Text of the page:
Arlington Independent School District, Behavior, Cheers, Education, Expectations, Leadership, Morning Edition, Norm Peterson, Normalizing Behavior, Norms, School Leaders, Standards of Professional Behavior, Studer Education, Teacher
Is there anyone or anything more predictable than Norm from the decade-long television show Cheers? One district in Texas uses “predictable” Norm to make visible its norms of behavior. Fortunately, the district’s norms are standards of professional behavior and not the predictable behavior of Norm on Cheers that Sam, Woody, and viewers got to know all too well. The District does two things to normalize and encourage alignment to its standards of professional behavior:
Make the Norms of Behavior Visible. There was never an episode where Norm either said or did anything contrary to his reason for being at Cheers. His conversation was predictable; his behavior was predictable. Viewers witnessed (and enjoyed) his actions each episode—they expected it. The Arlington Independent School District reminds its leaders, teachers, and employees of its professional standards of behavior by making the behaviors visible on meeting agendas.
Empower Employees. The District also empowers participants at the meeting to be active in “NORMalizing” behavior. Each individual has a 5 x 7 of Norm on a stick that he/she can wave when an individual or conversation is not aligned to the district’s norms. Thus, district employees are actively engaged in aligning themselves and their colleagues to the professional standards of behavior.
A few days ago on National Public Radio, Morning Edition reported a story from their health blog on teachers’ expectations and the influence on student performance. A friend of mine introduced the story to me with the description “acting our way into right thinking” (personal communication). Similarly, one of my colleagues who is a former special education teacher shared that she has “often seen how teacher expectations tend to guide reality” (Facebook share). Dr. Robin Largue, a retired principal and school district administer offered that expectations need to be challenging but not overwhelming; it is a “fine line” (Facebook share). So, what does this mean for “expecting” behavior aligned to standards of professional behavior? Districts must make the norms visible and engage employees to take responsibility for them; like Norm on Cheers we want our colleagues to get to the point where they respond, “Have I gotten that predictable? Good,” when it comes to their actions and behaviors as educators.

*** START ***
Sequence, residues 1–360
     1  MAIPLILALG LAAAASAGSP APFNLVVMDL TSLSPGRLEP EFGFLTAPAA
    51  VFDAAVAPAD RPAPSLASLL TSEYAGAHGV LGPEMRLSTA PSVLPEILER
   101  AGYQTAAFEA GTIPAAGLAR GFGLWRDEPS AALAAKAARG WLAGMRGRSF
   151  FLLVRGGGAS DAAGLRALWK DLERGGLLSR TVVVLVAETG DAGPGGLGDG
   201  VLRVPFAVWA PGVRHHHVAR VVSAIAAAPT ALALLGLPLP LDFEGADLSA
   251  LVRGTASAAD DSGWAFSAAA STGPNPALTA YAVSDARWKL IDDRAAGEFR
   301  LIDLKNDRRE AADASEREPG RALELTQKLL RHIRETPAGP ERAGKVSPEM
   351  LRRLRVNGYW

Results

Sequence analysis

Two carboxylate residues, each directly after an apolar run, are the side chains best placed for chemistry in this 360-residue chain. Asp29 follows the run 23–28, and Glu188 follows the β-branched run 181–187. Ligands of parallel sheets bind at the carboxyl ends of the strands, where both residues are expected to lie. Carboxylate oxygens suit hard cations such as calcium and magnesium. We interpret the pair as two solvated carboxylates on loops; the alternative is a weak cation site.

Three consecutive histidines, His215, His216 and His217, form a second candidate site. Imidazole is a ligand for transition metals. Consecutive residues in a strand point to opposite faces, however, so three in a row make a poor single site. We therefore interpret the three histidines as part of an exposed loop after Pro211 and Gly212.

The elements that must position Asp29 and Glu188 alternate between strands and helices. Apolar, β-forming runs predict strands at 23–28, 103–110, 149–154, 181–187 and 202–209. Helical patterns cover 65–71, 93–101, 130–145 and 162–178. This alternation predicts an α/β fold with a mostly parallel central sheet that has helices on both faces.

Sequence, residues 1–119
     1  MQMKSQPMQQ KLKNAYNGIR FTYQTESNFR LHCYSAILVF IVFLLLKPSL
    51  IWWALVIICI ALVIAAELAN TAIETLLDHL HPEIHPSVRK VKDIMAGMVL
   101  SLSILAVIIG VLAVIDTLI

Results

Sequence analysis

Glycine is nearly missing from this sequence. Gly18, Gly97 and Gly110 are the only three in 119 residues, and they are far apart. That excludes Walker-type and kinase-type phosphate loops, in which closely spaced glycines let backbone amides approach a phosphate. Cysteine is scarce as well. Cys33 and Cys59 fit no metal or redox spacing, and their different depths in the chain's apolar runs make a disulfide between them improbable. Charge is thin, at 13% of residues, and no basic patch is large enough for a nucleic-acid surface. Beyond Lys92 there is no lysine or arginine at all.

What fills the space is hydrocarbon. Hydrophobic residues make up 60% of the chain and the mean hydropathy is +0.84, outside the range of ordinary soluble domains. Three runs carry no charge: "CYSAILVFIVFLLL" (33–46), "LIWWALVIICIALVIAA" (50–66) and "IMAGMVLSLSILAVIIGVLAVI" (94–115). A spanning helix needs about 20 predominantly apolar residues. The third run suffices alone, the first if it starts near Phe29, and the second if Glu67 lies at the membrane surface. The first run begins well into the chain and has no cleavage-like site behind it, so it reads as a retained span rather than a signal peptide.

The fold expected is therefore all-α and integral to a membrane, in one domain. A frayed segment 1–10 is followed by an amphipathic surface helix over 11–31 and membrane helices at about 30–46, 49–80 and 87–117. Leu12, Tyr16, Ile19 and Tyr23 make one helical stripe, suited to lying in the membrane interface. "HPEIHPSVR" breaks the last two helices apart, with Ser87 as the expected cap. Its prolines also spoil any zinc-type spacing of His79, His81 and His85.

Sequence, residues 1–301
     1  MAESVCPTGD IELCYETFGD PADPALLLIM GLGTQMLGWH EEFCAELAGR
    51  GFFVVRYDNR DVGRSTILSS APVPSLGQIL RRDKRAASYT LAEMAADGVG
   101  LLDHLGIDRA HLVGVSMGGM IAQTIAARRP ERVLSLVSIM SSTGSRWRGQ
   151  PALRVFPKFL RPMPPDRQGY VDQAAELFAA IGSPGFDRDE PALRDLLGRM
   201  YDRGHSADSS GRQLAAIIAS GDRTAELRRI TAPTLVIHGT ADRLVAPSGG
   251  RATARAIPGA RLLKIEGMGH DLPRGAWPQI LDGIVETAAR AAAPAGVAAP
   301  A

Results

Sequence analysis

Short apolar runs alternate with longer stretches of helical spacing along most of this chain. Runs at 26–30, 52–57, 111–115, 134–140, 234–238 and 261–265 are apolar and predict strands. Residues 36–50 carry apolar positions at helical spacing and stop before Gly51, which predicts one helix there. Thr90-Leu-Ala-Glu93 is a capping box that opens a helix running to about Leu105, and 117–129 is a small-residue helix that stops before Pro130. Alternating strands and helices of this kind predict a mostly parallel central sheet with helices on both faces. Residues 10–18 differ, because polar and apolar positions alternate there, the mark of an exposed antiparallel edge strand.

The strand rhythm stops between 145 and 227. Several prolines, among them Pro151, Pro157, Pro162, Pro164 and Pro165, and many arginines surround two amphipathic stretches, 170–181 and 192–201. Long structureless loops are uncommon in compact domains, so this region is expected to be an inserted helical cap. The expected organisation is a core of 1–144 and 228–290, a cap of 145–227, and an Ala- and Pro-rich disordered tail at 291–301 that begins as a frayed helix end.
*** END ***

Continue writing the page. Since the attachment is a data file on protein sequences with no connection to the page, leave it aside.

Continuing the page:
There are more than 64,000 students enrolled in the Arlington Independent School District (TX). Check out AISD at http://www.aisd.net/ to see how it delivers “More Than a Remarkable Education” to its students.
Teachers’ Expectations Can Influence How Students Perform. September 18. 2012. Available online.
Dr. Sarah Miller and Dr. Robin Largue comments available on the Studer Education Facebook page.
Our mission at Studer Education is to provide students with a great place to learn, teachers with a great place to teach, and parents with confidence that their children are getting a great education. To do this we work with school boards, leaders, and teachers to apply Evidence-Based continuous improvement processes and the principles from How to Lead Teachers to Become Great in their districts to get the best student learning results and create results-oriented school cultures. Visit us online at http://studereducation.com. Studer Education is a division of Studer Group, a recipient of the 2010 Malcolm Baldrige National Quality Award.